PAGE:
Our little Rocky is making progress. She follows me around the house and is relaxed when I hold her but she still has a long way to go. That’s ok. Her way is clearly working and I’ll continue to follow her lead. Now, if I could only convince her it’s more fun to pee outside…..

Read “Lessons From a Red Fur Coat” @ http://www.pfeifferpowerseminars.com/pps1-newsletter.html#red.

ANGER TURNED INWARD

(My interview with Cloe Jonpaul)
Take the Anger Turned Inward Quiz

• _ I don’t like to hurt anybody’s feelings.

• _ Other people might get mad, but I don’t.

• _ It’s hard for me to really care about myself.

• _ Sometimes I might act a little unhappy if I feel angry.

• _ I tell myself I shouldn’t get angry even if somebody else would.

• _ When I say somebody makes me sick, I mean it literally. I just can’t let go of the stress.

• _ All I really want is peace with no conflict.

• _ Even when I’m angry with someone, I feel like I should make sure they are doing okay.

• _ I get mad at myself for things I would comfort others about.

• _ Other people don’t know I wear a mask, because I am so good at it.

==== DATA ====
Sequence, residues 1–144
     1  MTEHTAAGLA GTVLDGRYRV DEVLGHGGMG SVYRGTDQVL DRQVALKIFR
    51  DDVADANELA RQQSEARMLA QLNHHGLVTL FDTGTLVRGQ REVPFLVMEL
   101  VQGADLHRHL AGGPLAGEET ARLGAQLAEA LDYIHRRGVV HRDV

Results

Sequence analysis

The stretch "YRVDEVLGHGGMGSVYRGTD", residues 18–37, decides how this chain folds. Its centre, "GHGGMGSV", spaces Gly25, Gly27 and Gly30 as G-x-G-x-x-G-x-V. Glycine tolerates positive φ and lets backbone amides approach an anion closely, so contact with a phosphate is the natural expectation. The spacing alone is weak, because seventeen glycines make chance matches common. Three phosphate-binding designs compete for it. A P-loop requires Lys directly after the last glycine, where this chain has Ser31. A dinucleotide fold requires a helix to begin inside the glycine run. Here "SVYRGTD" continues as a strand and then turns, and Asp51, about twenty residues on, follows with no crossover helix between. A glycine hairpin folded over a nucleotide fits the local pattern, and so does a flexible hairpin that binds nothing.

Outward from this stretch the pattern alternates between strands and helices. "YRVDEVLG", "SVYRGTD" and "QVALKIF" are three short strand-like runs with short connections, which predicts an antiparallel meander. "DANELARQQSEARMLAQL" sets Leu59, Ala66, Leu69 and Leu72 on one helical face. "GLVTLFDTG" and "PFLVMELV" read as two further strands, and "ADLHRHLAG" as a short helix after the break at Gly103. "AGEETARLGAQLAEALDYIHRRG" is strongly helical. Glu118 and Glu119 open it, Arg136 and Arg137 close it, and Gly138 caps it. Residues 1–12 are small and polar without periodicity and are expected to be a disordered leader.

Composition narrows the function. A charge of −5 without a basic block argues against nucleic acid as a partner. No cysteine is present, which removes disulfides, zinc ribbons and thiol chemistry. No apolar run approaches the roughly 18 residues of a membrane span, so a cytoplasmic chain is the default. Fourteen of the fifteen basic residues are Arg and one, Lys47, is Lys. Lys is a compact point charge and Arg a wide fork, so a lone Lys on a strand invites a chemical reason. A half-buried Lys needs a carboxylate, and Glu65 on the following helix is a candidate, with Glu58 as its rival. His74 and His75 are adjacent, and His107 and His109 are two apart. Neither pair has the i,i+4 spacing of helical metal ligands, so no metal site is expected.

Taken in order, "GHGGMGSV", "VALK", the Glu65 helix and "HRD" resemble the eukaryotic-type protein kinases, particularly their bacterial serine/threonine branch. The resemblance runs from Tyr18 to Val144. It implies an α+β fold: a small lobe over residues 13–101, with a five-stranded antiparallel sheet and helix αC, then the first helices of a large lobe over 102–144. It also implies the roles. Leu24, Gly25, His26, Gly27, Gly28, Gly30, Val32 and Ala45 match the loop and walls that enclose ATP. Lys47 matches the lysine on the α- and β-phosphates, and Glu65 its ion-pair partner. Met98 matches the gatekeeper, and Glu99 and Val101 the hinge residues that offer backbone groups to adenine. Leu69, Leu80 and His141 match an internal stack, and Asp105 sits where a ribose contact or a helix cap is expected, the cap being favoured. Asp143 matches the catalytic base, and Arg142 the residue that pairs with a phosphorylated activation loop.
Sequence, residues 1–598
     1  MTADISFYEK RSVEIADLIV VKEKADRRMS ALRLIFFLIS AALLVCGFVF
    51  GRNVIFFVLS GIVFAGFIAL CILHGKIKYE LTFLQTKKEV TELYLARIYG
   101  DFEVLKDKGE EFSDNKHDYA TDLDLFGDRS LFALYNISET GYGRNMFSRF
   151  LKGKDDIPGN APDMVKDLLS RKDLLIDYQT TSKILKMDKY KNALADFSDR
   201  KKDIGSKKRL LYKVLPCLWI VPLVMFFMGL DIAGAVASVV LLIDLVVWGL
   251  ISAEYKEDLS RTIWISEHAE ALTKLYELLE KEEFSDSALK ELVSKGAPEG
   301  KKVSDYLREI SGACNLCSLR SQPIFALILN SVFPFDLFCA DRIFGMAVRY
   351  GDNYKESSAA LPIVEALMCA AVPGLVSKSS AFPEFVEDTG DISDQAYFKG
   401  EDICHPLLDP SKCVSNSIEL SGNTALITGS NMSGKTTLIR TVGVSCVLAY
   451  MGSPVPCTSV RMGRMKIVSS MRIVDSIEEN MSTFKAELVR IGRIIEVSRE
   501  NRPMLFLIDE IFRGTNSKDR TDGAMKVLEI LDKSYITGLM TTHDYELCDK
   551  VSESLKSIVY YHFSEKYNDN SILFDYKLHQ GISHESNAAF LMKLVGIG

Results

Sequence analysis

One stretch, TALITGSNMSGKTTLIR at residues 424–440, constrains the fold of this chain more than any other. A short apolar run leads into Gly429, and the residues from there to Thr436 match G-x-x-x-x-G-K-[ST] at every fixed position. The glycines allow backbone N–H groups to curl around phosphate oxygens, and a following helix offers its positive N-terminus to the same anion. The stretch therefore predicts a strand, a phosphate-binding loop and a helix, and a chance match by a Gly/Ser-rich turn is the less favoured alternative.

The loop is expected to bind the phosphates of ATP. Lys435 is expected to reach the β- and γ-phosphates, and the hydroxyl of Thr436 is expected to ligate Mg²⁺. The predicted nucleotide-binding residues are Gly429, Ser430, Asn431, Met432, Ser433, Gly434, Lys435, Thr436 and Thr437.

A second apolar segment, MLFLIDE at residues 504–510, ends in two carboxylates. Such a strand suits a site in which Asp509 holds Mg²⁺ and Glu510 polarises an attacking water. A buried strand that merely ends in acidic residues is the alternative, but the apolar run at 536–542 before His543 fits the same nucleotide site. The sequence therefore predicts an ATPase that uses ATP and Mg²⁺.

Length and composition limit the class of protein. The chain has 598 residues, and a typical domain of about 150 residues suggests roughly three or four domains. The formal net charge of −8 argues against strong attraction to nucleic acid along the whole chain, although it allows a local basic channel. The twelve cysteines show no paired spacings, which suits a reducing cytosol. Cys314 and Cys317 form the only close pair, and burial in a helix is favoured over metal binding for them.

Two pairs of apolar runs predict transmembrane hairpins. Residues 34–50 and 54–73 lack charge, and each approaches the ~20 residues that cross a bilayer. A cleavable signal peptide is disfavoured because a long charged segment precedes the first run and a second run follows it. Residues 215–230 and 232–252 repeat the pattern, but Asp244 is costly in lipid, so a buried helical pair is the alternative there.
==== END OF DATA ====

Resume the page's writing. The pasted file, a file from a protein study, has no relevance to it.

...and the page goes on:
• _ Usually I just keep all my feelings to myself.

• _ I feel guilty when I feel angry or resentful.

• _ I am ashamed of myself when I get angry. I should be better than that.

• _ I’m too busy to take care of myself, even if I know I should.

• _ I’m always doing things wrong.

• _ I have an addictive behavior I use when I’m angry. It makes me feel better at the moment, but later I feel worse.

• _ I tend to have accidents when I get angry, like hammering my finger.

• _ Some days I get so angry that I would like to hurt myself.

• _ If I hurt myself, maybe other people won’t hurt me.

• _ It’s hard for me to care about myself.

• _ I don’t care what I do, just so long as I don’t hurt anybody else.